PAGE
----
Commonplace Book #101

The experience of physical disease and disability, the frustration of fine efforts and aspirations, the disappointment of long-cherished hopes–all these experiences, common and fundamental to human life, have their essential character and meaning determined for us and for all men by whether they are thought about christianly or secularly–whether they are conceived against the background of a limited finite existence which is but the prelude to eternity, or against the background of a human course on earth that is finally and exclusively man’s full destiny.

But, of course, just as the eternal perspective transforms the character of anything, which touches on death, of anything which is sad, painful, or disastrous–war, famine, earthquake, sickness, insanity–so too the eternal perspective transforms the character of earthly success, prosperity, and pleasure.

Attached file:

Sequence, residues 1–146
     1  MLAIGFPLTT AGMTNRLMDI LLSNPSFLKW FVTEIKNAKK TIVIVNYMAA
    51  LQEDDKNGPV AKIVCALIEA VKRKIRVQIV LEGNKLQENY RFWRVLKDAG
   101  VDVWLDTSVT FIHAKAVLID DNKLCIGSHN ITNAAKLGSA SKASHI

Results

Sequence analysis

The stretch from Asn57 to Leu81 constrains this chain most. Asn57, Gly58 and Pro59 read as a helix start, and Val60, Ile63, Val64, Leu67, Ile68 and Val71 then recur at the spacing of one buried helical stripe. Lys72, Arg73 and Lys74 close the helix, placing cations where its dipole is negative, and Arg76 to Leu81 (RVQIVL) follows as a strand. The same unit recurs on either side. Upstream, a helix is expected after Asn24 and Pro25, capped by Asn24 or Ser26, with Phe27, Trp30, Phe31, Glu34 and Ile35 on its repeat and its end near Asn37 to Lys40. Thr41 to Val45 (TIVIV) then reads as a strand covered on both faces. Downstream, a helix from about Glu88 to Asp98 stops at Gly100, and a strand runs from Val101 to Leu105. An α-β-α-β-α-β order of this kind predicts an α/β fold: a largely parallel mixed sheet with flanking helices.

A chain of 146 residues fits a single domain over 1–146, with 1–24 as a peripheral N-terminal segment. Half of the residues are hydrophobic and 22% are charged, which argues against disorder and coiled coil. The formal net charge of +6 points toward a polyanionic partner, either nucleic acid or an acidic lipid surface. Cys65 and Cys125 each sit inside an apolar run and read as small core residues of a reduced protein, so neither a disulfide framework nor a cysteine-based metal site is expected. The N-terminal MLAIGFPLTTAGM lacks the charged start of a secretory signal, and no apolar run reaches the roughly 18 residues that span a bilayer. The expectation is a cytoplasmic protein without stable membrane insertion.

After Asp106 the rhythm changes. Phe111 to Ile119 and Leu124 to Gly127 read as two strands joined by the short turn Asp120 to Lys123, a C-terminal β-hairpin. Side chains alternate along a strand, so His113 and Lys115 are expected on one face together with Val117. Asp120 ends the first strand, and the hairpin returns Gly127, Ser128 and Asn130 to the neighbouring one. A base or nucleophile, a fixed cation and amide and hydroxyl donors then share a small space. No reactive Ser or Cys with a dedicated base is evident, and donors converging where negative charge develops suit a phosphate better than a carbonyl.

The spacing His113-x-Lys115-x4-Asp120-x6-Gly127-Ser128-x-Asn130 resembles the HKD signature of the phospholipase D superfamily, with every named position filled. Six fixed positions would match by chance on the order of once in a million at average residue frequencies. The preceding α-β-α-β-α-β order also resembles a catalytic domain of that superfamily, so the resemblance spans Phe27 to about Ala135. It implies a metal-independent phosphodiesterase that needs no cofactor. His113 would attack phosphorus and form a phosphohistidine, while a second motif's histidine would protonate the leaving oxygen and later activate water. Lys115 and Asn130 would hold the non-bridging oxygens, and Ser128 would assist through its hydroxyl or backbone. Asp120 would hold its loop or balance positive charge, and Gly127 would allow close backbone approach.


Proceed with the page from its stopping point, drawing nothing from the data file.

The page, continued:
For the Christian mind earthly well-being is not the summum bonum, as pain and death are not the worst evil.  Eternal well-being is the final aim and end of things here.  This means that success and prosperity within the earthly set-up cannot be regarded as a final criterion.  Nor indeed can happiness within time be regarded as a final criterion.

Harry Blamires, The Christian Mind, 82-83.

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